News and Interviews

Aubrey Jean Hanson Explores the Impact of Indigenous Literature in Her New Book


Indigenous writers have long been an important part of Canada's literary landscape, contributing unique and powerful storytelling through novels, short fiction, poems, and essays that have captured imaginations and opened minds for generations. With more Indigenous works than ever gaining higher visibility, conversations around their ever-increasing importance and value are taking place. 

One person who has always been interested in the subject is Métis author and academic Aubrey Jean Hanson, whose new book Literatures, Communities, and Learning: Conversations with Indigenous Writers (WLU Press) collects nine interviews with prominent Indigenous creators to discuss the ongoing role of Indigenous literature not only in the healing and continued health of their own communities, but in the social, cultural, and political awareness of the rest of the country as well. Considering their own creative output within the contexts of colonization, identity, and reconciliation, each writer examines their work and it's legacy.

We're thrilled to have Aubrey at Open Book today, where she talks about the relationship between art and strong communities, her residency at the idyllic Banff Centre, and the coping strategies she's learned to combat burnout.


Open Book:

Tell us about your new book and how it came to be. What made you passionate about the subject matter you're exploring?

Aubrey Jean Hanson:

Literatures, Communities, and Learning: Conversations with Indigenous Writers is just what it sounds like—a book of interviews with Indigenous writers talking about their writing and the importance of Indigenous literatures to our communities. These conversations feature authors that many readers will want to hear more from: Tenille Campbell, Warren Cariou, Marilyn Dumont, Daniel Justice, Lee Maracle, Sharron Proulx-Turner, David Robertson, Richard Van Camp, and Katherena Vermette. As a Métis scholar and as a teacher, having enjoyed these incredibly rich dialogues, I was inspired to share these perspectives from writers with a broader audience. I know that they will be important for scholars and teachers working with Indigenous literatures, but also for anyone who cares about great creative work, opportunities to learn through the arts, and the relationships and well-being of communities. These writers have a lot to say about why they write and about how literature is important in our lives.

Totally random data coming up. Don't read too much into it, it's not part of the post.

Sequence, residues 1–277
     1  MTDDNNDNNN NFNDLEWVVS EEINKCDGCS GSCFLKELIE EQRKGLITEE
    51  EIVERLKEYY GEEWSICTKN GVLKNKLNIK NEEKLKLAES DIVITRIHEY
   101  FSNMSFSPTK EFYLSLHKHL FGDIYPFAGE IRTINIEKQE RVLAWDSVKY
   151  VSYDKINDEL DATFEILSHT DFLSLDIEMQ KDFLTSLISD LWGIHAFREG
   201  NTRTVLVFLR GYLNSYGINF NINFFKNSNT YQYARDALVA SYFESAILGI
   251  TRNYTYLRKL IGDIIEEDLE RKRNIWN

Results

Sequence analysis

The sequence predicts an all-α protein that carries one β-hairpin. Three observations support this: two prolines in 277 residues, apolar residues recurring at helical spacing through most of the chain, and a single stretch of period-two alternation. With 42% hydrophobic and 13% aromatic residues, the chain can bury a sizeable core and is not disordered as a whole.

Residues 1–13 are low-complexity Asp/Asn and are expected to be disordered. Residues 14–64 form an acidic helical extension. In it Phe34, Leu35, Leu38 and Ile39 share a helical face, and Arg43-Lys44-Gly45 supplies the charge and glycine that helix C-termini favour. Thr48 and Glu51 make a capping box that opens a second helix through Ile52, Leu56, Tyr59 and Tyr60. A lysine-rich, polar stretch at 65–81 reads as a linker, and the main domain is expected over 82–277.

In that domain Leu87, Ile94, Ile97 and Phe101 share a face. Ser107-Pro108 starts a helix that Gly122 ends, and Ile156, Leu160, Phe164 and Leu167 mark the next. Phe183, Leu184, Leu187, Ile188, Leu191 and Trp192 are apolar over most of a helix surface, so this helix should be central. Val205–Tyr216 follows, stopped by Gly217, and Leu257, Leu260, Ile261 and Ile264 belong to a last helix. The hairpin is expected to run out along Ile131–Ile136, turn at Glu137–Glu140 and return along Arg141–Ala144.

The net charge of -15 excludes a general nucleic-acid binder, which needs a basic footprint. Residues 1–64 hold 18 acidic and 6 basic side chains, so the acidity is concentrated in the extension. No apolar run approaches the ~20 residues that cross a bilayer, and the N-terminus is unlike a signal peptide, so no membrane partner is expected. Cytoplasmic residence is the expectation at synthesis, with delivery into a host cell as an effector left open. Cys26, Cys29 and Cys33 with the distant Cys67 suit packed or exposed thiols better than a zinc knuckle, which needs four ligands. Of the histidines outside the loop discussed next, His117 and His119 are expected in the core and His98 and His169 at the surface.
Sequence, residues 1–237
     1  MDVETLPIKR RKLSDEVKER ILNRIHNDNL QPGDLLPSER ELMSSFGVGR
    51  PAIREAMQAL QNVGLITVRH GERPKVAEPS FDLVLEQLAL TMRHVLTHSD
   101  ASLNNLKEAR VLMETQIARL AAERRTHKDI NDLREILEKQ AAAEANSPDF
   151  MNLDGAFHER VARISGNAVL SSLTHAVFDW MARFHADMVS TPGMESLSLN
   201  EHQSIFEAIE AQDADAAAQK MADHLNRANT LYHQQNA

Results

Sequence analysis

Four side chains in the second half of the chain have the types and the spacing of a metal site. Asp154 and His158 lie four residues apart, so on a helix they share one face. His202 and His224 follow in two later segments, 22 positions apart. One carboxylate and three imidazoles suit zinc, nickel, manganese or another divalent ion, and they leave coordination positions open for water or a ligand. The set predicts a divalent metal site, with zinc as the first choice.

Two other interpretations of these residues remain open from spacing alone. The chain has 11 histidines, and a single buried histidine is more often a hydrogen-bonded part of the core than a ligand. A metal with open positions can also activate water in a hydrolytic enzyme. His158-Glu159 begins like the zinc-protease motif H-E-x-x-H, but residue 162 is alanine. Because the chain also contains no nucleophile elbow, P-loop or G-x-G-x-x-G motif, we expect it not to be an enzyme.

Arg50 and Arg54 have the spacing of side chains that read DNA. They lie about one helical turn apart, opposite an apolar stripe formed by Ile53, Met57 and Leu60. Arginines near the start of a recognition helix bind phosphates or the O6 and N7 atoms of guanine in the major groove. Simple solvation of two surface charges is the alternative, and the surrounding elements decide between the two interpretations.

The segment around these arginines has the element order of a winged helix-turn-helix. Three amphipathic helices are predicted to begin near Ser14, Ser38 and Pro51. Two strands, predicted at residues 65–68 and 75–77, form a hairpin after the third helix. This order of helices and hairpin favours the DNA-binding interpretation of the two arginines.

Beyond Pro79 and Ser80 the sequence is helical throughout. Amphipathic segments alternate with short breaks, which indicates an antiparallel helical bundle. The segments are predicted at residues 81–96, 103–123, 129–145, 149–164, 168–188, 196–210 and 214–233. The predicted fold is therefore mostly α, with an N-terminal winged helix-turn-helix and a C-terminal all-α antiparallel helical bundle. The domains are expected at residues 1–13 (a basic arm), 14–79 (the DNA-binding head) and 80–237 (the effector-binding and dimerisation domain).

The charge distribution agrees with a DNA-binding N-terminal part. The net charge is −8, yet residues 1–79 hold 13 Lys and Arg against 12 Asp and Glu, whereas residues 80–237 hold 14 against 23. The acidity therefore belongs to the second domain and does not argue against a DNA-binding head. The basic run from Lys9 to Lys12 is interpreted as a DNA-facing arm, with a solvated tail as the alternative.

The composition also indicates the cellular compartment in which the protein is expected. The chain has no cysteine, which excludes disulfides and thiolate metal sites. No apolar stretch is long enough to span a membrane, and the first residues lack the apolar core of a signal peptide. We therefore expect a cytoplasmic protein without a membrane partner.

Is there a question that is central to your book? And if so, is it the same question you were thinking about when you started writing or did it change during the writing process?


The central question of this book carried me during the project and guides my thinking throughout. The question I asked was this: Why do Indigenous literatures matter to the resurgence of healthy Indigenous communities? It was in part an educational question, thinking about the learning that readers do when they read Indigenous texts. I recognize that a reader can be anyone—a young Indigenous person forming their identity in relation to their community, a non-Indigenous teacher looking to learn more in order to educate others, or a member of the Canadian public trying to think through Truth and Reconciliation. One of my mentors has been Cherokee scholar Daniel Heath Justice, the author of the 2018 book Why Indigenous Literatures Matter, and his work has influenced my thinking in asking that central question.


What was your research process like for this book? Did you encounter anything unexpected while you were researching?


I went into this project knowing that Indigenous writers had a great deal of insight into their work and important reflections to offer on their lives and the complex contexts in which they write. It was deeply meaningful for me to hear their stories and perspectives, so that writing this book really reinforced that initial perception. Every writer I talked to had a great deal to say about the significance of Indigenous literatures, speaking on topics like the revitalization of Indigenous languages, mental health in communities, and the ways in which colonialism continues to influence Indigenous Peoples every day.


What do you need in order to write – in terms of space, food, rituals, writing instruments?